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Airvana and the “Mergerwocky”

While we haven—t yet seen the new movie Alice in Wonderland, we definitely felt like we had fallen down a rabbit hole when we read Airvana, Inc.—s (AIRV) recent merger proxy.

The Chelmsford, Mass-based company, which sells network infrastructure products to the wireless companies that provide mobile broadband services, announced last December that it planned to go private. The list of high-profile players involved in this deal included SAC Private Capital, Zelnick Media, Goldman Sachs (GS), which served as Airvana’s financial advisor, and Boston law firm Ropes & Gray.

But what really caught our attention in the filing was some of the giant-sized paydays that Airvana executives will receive post-deal. In addition to vested stock options and equity shares, the merger will accelerate the vesting of currently unvested stock options. Page 59 of the filing states what each director and executive officer would receive if a —Total Cash Payment is made (based on assets owned as of Jan. 3, 2010).

The biggest recipient, by far, is Paul Ferri, an Airvana director since 2000, who will get $ 117,335,080 (yes, $117.3 million). The proxy notes that Ferri is —a founding partner of Matrix Partners, a venture capital firm, where he has been a General Partner since February 1982. Keep in mind that the size of the deal is valued at around $530 million and it’s still pretty rare to see so much go to one person. But others will benefit too including director Gururaj Deshpande, who stands to collect nearly $66 million.

Several other executive officers will also see big paydays, though not nearly as big as Ferri’s and Deshpande’s. They include VP/Chief Technical Officer Vedat Eyuboglu – $7,696,237; VP/CFO Jeffrey Glidden – $5,250,414; Luis Pajares (who was VP/North American Sales and Services until he resigned on December 31, 2009) – $3,910,866; and VP/Engineering Mark Rau – $3,472,904.

Battat, Verma, and Eyuboglu are —Rollover Stockholders who will exchange 60% of their common shares of Airvana for equity interests of the new parent company. (The exchange helps them defer paying taxes.) However, p. 57 notes that they —will be paid merger consideration for [the remaining] approximately 40% of the shares of Airvana common stock that they hold. Each man will also be an executive officer and a director of the new parent company.

But whereas some of the executive officers are retaining an equity interest in the surviving company, it appears that the directors such as Ferri are completely cashing out their interests. The proxy says they will collectively receive $607,394 for their options; and “[a]dditionally, these directors will receive an aggregate cash payment in respect of their other beneficially owned shares of Airvana common stock in the amount of $184,118,232. It continues on p. 61:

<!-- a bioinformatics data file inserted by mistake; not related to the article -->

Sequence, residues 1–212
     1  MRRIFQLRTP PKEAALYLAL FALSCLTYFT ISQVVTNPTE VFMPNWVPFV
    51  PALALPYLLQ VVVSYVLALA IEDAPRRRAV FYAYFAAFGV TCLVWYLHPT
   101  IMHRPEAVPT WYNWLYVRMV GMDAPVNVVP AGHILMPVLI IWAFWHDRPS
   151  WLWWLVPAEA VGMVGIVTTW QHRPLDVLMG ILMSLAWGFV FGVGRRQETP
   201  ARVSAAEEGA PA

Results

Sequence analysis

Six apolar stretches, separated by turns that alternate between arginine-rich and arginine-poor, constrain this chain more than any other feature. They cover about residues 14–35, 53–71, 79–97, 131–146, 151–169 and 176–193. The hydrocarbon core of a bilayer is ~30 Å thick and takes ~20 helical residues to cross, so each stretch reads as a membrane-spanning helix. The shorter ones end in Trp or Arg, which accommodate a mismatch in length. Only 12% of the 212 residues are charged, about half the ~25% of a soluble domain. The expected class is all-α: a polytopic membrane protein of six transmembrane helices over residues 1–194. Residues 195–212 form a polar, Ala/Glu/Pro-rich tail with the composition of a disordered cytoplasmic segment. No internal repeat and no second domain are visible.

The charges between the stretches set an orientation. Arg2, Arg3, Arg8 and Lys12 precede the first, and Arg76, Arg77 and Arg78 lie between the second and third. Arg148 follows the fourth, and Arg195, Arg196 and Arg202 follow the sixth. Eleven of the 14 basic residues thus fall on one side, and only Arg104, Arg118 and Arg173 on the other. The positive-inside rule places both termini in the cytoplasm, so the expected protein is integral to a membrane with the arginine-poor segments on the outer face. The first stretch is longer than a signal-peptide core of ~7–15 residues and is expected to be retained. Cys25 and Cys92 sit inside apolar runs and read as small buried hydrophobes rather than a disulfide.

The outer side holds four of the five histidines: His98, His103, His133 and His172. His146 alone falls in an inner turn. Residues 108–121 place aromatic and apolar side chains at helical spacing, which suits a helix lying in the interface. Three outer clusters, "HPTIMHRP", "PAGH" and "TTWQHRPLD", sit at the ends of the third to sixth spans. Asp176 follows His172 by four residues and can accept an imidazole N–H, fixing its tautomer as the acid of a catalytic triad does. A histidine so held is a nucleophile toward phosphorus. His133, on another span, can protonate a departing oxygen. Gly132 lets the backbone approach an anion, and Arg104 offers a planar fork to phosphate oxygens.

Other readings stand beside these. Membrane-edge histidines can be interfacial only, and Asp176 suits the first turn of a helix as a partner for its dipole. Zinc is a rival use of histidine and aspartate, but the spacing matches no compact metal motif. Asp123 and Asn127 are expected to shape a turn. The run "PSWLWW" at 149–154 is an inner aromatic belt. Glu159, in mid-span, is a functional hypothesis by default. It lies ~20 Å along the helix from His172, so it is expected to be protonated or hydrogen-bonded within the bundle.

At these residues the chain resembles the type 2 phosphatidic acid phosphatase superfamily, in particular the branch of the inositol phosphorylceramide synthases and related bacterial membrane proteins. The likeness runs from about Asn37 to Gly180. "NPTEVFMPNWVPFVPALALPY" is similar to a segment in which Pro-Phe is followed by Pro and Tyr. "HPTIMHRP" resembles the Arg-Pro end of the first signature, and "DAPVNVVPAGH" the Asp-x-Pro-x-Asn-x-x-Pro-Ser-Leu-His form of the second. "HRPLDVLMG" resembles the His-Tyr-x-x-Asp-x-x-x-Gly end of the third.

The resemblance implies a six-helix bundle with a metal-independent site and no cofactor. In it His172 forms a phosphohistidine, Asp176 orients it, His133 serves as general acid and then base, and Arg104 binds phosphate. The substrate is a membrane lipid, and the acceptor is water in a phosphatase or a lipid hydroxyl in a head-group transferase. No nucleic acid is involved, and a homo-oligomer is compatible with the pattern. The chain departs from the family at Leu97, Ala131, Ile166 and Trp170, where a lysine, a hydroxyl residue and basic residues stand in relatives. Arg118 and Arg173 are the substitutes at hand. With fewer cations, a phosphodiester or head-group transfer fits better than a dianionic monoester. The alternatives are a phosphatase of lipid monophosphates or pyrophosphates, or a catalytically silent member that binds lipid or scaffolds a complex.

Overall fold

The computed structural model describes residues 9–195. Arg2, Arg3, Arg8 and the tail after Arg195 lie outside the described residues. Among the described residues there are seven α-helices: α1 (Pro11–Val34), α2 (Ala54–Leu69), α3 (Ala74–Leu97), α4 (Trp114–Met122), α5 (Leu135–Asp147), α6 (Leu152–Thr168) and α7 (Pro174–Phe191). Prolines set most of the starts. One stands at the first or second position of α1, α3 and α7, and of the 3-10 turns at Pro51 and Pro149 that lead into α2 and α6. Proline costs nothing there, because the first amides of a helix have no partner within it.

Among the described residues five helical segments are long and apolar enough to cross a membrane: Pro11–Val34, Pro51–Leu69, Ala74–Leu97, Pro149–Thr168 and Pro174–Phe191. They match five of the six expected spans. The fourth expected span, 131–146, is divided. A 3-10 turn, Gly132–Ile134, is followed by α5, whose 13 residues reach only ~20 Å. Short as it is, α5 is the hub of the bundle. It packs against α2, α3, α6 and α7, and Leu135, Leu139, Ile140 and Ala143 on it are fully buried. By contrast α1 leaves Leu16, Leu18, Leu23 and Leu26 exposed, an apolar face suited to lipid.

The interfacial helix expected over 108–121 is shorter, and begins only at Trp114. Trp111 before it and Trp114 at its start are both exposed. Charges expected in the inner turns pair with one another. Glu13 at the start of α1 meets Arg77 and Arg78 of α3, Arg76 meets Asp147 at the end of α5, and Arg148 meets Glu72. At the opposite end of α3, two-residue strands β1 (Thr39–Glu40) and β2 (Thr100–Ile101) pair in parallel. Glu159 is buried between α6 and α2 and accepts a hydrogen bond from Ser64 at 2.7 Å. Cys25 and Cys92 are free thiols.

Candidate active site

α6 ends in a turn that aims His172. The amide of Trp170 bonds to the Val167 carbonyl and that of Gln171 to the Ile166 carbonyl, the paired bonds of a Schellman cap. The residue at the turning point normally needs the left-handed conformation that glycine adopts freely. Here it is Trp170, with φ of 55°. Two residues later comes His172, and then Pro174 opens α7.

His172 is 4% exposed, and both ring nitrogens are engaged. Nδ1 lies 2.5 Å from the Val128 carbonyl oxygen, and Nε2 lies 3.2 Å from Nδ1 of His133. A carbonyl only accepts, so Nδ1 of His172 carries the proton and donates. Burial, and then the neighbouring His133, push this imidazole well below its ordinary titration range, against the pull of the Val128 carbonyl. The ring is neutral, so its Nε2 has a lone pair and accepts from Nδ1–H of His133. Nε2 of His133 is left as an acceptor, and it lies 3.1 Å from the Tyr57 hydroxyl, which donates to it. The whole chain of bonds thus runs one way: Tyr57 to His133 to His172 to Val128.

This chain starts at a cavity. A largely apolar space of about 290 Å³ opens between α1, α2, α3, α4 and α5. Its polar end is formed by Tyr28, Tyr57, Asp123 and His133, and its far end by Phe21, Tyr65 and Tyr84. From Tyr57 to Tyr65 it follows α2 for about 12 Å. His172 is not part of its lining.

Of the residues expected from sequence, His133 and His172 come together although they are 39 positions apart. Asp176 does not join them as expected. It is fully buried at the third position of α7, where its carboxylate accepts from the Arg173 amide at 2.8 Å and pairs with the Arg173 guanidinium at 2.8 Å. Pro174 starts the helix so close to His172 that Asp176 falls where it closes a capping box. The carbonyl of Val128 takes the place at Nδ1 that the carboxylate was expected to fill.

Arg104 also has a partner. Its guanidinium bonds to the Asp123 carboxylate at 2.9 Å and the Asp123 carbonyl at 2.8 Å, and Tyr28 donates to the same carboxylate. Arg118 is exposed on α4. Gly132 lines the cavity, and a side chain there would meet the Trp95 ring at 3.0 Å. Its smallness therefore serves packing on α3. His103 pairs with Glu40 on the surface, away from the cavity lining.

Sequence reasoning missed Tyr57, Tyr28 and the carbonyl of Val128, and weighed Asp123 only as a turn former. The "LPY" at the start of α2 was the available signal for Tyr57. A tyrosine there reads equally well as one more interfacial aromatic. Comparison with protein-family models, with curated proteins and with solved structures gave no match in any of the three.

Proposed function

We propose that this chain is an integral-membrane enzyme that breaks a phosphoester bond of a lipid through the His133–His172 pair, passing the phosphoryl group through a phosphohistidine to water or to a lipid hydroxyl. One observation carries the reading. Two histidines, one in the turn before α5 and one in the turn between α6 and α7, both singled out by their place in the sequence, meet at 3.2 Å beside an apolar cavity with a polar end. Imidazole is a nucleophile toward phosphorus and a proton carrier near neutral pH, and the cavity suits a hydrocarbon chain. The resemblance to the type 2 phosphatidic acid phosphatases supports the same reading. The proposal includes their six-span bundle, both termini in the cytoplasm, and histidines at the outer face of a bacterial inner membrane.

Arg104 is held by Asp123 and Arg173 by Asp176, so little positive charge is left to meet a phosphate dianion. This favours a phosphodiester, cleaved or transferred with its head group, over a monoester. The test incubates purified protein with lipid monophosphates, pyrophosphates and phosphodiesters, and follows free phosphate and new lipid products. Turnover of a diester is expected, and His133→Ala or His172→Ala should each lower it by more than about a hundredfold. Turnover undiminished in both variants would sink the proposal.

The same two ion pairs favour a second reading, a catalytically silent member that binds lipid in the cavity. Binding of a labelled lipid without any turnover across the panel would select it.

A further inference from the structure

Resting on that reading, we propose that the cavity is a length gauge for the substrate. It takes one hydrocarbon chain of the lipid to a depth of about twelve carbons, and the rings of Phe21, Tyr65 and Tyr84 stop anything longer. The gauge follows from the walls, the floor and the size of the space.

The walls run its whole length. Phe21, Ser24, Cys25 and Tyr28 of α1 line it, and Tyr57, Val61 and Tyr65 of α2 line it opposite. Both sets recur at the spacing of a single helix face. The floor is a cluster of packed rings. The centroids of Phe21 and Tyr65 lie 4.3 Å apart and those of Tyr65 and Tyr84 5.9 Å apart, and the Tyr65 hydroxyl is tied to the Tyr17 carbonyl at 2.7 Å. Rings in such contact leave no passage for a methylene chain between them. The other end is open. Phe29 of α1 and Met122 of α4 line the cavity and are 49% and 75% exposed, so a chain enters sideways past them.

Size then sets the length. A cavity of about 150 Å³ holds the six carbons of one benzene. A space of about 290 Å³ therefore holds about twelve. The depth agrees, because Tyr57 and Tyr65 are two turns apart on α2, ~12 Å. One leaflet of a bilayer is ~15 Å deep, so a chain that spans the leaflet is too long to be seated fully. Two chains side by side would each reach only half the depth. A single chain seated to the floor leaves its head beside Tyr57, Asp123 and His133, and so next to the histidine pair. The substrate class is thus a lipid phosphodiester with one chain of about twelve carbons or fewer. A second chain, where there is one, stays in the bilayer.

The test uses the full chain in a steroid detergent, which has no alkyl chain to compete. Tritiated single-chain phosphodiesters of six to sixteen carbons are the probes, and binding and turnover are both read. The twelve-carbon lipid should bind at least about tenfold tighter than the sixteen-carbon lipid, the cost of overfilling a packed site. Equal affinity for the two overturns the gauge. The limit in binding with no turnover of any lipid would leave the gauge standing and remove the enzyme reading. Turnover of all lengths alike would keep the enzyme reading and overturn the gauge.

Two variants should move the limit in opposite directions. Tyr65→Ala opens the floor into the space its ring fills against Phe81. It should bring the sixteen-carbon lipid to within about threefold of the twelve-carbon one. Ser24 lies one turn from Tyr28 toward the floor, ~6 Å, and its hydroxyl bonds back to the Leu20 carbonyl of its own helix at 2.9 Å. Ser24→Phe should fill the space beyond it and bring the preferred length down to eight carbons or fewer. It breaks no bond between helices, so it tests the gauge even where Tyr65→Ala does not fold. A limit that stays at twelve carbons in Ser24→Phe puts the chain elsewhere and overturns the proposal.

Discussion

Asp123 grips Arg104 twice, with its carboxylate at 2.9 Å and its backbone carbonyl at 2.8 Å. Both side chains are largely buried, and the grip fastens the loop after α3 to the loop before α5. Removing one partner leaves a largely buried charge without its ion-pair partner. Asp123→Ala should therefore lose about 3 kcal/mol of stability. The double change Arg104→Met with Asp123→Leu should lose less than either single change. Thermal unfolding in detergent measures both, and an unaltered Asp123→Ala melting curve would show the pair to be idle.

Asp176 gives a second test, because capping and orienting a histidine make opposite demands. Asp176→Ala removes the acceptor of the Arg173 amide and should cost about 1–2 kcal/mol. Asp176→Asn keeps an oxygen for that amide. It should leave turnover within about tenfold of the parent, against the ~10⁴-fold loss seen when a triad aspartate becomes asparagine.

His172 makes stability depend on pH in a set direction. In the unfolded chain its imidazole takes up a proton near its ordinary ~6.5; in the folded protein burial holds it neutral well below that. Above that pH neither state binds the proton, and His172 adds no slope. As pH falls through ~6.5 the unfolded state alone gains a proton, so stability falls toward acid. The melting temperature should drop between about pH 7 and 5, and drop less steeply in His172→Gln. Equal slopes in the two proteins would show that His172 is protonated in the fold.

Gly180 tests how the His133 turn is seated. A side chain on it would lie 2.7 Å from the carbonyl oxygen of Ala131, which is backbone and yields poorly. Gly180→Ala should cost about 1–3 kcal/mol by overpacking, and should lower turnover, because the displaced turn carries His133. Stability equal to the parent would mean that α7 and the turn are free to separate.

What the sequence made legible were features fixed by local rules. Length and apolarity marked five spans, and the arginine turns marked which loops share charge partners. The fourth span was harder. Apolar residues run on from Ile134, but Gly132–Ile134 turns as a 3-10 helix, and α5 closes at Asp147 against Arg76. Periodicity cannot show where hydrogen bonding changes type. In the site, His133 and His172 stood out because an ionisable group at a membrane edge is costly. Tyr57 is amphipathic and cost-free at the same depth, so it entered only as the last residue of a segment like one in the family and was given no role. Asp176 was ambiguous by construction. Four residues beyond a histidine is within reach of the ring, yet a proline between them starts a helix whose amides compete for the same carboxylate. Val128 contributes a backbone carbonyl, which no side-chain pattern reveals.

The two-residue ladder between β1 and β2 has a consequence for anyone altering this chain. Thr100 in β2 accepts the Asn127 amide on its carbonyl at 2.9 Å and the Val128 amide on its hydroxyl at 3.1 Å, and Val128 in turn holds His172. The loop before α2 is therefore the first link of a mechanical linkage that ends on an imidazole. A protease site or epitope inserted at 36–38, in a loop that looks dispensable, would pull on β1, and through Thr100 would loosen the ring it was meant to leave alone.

“The members of the board of directors (excluding Messrs. Battat and Verma) are independent of and have no economic interest or expectancy of an economic interest in Parent or its affiliates, and will not retain an economic interest in the surviving corporation or Parent following the merger.”

According to pp. 33-34 of the proxy, the board of directors (excluding Battat and Verma, who abstained from voting), and Goldman Sachs, which was hired to advise the Board’s special committee, concluded that the offer to pay $7.65 per share for common stock, was —advisable, fair to and in the best interests of the Company and our unaffiliated stockholders. [Several law firms that filed suit to oppose the merger apparently disagree.] Page 6 states that Goldman Sachs will be paid —a transaction fee equal to approximately $6.3 million, $5.8 million of which is contingent upon consummation of the merger.

These sorts of big numbers always make us wonder what the purpose of a deal like this is, other than to enrich a few people. Yet, the deal seems inevitable. Page 68 of the filing notes that as of Feb. 23, 2010, directors and executive officers owned about 48.6% of Airvana’s common stock, and they intend to vote all of their shares in favor of the merger agreement at the upcoming April 9 special shareholders’ meeting.

All this brings to mind another of Lewis Carroll’s well-known works. Except, perhaps, it’s the —Mergerwock of which we should really take heed.

Image source: sammydavisdog via Flickr